Radical new technology has allowed a paralysed man to use his arm again, giving fresh hope to quadriplegics.
Bill Kochevar, who was left paralysed below the neck after a cycling accident, can now drink a cup of coffee and eat using a fork.
Ground-breaking technology translates his brainwaves into electrical pulses which are sent to electrodes in his arm. As the electrodes are triggered, they cause movement in his paralysed muscles, allowing him to grasp his hand and raise his arm.
Kochevar is the first man in the world with quadriplegia to have his arm and hand movements restored using a direct link to the brain.
The 56-year-old, from Cleveland Ohio, said: “For somebody who’s been injured eight years and couldn’t move, being able to move just that little bit is awesome to me”.
“It’s better than I thought it would be. It’s pretty cool to be the first one in the world to do it.
“I’m making it move without having to really concentrate hard at it. I just think ‘out’ and it goes.”
Kochevar is one of several paralysed people who have attained a better quality of life after medical breakthroughs in recent years.
In 2015 a US man who lost the use of his legs following a spinal cord injury walked a short distance after doctors rerouted his brain signals.
And in 2014 Darek Fidyka, a 38 year-old man from Eastern Europe, learned to walk and even drive again after undergoing treatment on his spinal cord using olfactory ensheathing cells.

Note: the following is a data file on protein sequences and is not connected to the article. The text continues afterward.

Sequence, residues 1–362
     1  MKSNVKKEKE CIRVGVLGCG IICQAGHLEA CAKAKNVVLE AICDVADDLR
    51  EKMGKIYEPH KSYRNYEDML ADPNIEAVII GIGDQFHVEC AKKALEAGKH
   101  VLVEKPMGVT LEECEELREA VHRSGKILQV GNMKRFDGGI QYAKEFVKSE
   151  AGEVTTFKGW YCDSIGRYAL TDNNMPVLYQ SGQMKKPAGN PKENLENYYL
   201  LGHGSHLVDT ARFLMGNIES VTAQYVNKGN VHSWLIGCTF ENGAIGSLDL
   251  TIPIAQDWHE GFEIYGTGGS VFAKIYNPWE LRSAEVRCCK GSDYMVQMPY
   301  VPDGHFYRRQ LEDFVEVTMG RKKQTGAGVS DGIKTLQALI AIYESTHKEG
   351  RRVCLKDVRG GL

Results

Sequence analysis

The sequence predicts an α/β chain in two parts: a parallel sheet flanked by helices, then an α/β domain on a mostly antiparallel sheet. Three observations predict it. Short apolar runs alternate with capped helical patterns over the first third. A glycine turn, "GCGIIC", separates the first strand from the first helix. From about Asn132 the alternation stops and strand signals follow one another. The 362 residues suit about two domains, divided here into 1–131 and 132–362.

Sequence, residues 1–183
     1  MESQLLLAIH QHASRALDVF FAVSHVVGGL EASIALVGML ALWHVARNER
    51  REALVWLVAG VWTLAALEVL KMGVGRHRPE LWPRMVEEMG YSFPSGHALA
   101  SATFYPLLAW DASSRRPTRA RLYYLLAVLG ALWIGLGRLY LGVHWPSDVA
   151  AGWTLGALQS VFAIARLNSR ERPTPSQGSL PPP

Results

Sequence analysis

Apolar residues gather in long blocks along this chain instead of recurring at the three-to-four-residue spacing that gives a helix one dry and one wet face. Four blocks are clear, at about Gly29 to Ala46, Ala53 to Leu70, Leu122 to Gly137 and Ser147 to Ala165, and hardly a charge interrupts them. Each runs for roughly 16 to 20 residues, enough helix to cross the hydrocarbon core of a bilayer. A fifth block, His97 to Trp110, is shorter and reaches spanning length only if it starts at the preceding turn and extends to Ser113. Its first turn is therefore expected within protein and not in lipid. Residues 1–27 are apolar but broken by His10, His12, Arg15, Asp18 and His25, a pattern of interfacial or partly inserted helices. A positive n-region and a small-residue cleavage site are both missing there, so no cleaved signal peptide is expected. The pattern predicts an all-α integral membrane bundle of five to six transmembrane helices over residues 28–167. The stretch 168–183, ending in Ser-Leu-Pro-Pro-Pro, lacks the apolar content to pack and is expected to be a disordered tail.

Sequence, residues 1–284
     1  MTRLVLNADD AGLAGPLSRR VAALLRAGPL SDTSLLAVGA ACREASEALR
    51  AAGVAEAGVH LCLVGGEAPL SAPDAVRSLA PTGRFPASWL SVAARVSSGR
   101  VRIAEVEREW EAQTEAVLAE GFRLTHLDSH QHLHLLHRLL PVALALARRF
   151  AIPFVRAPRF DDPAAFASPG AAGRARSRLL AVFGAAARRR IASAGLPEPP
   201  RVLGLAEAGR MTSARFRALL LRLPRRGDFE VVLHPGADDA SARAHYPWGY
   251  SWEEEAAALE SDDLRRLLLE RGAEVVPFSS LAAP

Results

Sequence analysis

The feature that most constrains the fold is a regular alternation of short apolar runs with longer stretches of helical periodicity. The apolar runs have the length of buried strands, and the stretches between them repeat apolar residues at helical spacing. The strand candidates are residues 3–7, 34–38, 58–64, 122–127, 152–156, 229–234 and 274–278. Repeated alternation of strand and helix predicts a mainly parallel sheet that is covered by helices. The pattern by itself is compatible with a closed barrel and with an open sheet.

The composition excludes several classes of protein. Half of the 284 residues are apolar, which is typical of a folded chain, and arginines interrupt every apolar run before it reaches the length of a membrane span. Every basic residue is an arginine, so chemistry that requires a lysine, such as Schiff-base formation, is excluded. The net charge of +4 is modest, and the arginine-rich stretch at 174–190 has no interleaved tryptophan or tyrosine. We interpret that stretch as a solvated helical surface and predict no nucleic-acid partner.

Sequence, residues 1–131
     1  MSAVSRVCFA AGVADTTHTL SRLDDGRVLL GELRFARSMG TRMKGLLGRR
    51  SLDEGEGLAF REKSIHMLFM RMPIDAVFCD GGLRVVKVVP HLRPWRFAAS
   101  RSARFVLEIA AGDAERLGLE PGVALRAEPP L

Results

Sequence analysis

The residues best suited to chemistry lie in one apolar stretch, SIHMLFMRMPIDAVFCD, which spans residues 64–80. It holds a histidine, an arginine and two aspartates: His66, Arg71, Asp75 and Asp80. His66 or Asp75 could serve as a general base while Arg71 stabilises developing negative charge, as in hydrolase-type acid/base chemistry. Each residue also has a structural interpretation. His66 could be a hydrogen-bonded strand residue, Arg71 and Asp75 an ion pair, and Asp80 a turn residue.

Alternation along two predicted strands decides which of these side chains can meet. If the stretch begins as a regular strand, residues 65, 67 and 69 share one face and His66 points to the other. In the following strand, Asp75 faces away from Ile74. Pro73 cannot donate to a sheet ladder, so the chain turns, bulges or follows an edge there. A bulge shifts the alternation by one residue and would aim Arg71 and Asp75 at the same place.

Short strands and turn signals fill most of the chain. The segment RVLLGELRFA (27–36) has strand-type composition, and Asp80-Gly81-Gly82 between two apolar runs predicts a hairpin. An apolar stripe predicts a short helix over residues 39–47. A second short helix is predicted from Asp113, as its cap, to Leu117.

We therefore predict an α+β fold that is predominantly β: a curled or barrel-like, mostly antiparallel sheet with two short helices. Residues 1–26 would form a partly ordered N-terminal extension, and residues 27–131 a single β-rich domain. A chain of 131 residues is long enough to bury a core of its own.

In recent study, scientists carried out tests on people with locked-in syndrome which allowed them to answer simple ‘yes’ and ‘no’ questions.
To the researchers’ astonishment, many patients agreed that “as long as they received satisfactory care at home, they found their quality of life acceptable”.
Adrian Owen, a neuroscientist at the University of Western Ontario, said the research indicated that many pre-conceived notions about locked-in syndrome are false.
Quality of life
He said: “One of the most surprising outcomes of this study is that these patients reported being ‘happy’ despite being physically locked-in and incapable of expressing themselves on a day-to-day basis”.
“Indeed, previous research has shown that most locked-in patients are actually reasonably satisfied with their quality of life”.